Webinar On Smart Farming Tech In Africa: Key Takeaways
Learn the key takeaways from the webinar on precision agriculture improving livelihoods and increasing yields in Africa, hosted jointly by EOS Data Analytics and Agroxchange Technology.
Satellite technologies are widely used in agriculture nowadays, and many farmers employ them on a regular basis to monitor their fields and check the state of crops. Yet, there are many more who still hesitate to implement online software in their practices. These farmers are uncertain about how it can help in agribusiness in general and in their case in particular.
Agustin Koszo is a farmer from Dos Rios S.A.A.I., a company that adopted digital technologies of EOS Data Analytics in Argentina. He kindly shared his experience in our interview.
The company has been operating for about thirty years already. My farming experience started about three years ago, right when they switched to precision agriculture technology. We apply it for sowing area mapping on our 4730 John Deere sprayers, several John Deere combines (particularly in model 660 and model 760) with crop mapping and direct crop monitoring features, and a corn sowing machine.
We also assign additional tasks viewing historical NDVI values. I attended specialized 2-year courses to be able to use precision agriculture software and analyze the obtained results.
Our company bases in Alta-Gracia, it is in the Cordoba province, Argentina. The total area of our fields is around 10,000 acres there and about 5,000 acres in the Buenos Aires province. Our main crops are soybeans, wheat, and corn. Cordoba is a semi-arid region with an average annual rainfall of 23-27 inches. Two irrigation systems cover 740 acres every year. Other fields get natural water supply.
The challenges are typical for the region. The major problems we have to tackle are water stress due to limited irrigation, weed and pest infestations (especially caterpillars), and the yield damage by frequent hails.
Satellite monitoring allows farmers to observe the situation in the fields at any time and from any place. Apart from that, satellites provide the field images for further analytics and, correspondingly, more precise farm management. It gives us insights into the crop state, enabling us to assess plant health and development, detect deviations in growth and track the consequences. The most important aspects that influenced our decision were information credibility and reliability, affordable price, and the tool’s simplicity for users.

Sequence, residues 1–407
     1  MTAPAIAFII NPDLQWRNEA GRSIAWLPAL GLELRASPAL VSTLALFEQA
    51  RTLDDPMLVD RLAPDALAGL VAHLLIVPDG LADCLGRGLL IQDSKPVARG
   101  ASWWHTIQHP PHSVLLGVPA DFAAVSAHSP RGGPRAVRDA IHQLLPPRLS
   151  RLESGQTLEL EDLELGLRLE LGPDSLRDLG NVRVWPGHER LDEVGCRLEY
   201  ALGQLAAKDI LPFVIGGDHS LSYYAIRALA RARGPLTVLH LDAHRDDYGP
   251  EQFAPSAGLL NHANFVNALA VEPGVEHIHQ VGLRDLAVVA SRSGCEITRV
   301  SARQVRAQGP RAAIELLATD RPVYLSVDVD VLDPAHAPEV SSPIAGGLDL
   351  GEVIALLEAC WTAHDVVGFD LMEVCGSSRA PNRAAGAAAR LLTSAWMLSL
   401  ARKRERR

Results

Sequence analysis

We check vegetation indices very often, in particular NDVI, MSAVI, and NDRE. It helps us estimate the crop health and interfere with the situation if necessary. We also use the smart zoning feature, which shows the state of vegetation in different field zones. This way, we can schedule the required activities better. Also, we like that we can attach satellite images to a mobile app, which facilitates field operations.
We can identify early weed growth and pest infestations remotely. It assists in detecting water stress or tracking the damage from hail or strong winds. Besides, currently, EOS Crop Monitoring helps check soil moisture.
We can track areas with sparse vegetation due to poor soil conditions or seasonal weather impact. We can compare and analyze the damage in different zones as well. This way, we were able to assess the damage from hail and calculate losses. We noticed weed spreads and addressed the issue in time.
We could predict losses from hail effects and work out a certain plan to act in such a situation. The tool empowers us with precious information about each field. Satellite monitoring does not mean that farmers will have greater revenues instantly, yet it gives a possibility to allocate resources more rationally and reduce inputs. Also, we can decrease losses by managing risks.
I think the strongest side is the possibility of monitoring plant growth and getting the data that helps farmers detect deviances in crop development. It is especially beneficial on large farms when it is impossible to inspect the fields in person regularly.
I would recommend choosing a tool with a trial period. This way, they will be able to understand how they can use it and if it meets the needs of their particular farms.
Besides, ease of use as well as friendly and competent technical support teams improve customer experience and simplify the choice.